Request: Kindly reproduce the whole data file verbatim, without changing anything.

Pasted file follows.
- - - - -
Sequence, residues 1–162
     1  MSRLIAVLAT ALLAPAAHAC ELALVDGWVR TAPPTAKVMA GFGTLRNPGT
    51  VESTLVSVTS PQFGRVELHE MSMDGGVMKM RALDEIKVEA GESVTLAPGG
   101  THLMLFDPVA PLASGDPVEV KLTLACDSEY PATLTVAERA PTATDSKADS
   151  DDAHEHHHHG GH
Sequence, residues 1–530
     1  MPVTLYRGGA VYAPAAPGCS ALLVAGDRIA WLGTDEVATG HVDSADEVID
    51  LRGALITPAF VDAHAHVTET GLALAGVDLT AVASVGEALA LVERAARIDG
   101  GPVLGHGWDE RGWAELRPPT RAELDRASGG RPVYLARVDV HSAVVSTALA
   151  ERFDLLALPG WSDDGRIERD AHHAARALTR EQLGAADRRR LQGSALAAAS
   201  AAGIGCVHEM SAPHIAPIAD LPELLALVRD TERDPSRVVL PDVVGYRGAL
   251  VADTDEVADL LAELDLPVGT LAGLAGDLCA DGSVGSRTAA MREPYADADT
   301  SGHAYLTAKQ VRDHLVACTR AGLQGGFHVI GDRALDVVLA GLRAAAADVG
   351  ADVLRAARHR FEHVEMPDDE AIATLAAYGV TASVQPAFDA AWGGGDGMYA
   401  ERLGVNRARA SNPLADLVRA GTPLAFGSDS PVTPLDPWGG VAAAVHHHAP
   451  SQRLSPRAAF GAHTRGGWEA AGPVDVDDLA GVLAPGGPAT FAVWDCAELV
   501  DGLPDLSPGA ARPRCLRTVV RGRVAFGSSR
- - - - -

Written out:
Sequence, residues 1–162
     1  MSRLIAVLAT ALLAPAAHAC ELALVDGWVR TAPPTAKVMA GFGTLRNPGT
    51  VESTLVSVTS PQFGRVELHE MSMDGGVMKM RALDEIKVEA GESVTLAPGG
   101  THLMLFDPVA PLASGDPVEV KLTLACDSEY PATLTVAERA PTATDSKADS
   151  DDAHEHHHHG GH
Sequence, residues 1–530
     1  MPVTLYRGGA VYAPAAPGCS ALLVAGDRIA WLGTDEVATG HVDSADEVID
    51  LRGALITPAF VDAHAHVTET GLALAGVDLT AVASVGEALA LVERAARIDG
   101  GPVLGHGWDE RGWAELRPPT RAELDRASGG RPVYLARVDV HSAVVSTALA
   151  ERFDLLALPG WSDDGRIERD AHHAARALTR EQLGAADRRR LQGSALAAAS
   201  AAGIGCVHEM SAPHIAPIAD LPELLALVRD TERDPSRVVL PDVVGYRGAL
   251  VADTDEVADL LAELDLPVGT LAGLAGDLCA DGSVGSRTAA MREPYADADT
   301  SGHAYLTAKQ VRDHLVACTR AGLQGGFHVI GDRALDVVLA GLRAAAADVG
   351  ADVLRAARHR FEHVEMPDDE AIATLAAYGV TASVQPAFDA AWGGGDGMYA
   401  ERLGVNRARA SNPLADLVRA GTPLAFGSDS PVTPLDPWGG VAAAVHHHAP
   451  SQRLSPRAAF GAHTRGGWEA AGPVDVDDLA GVLAPGGPAT FAVWDCAELV
   501  DGLPDLSPGA ARPRCLRTVV RGRVAFGSSR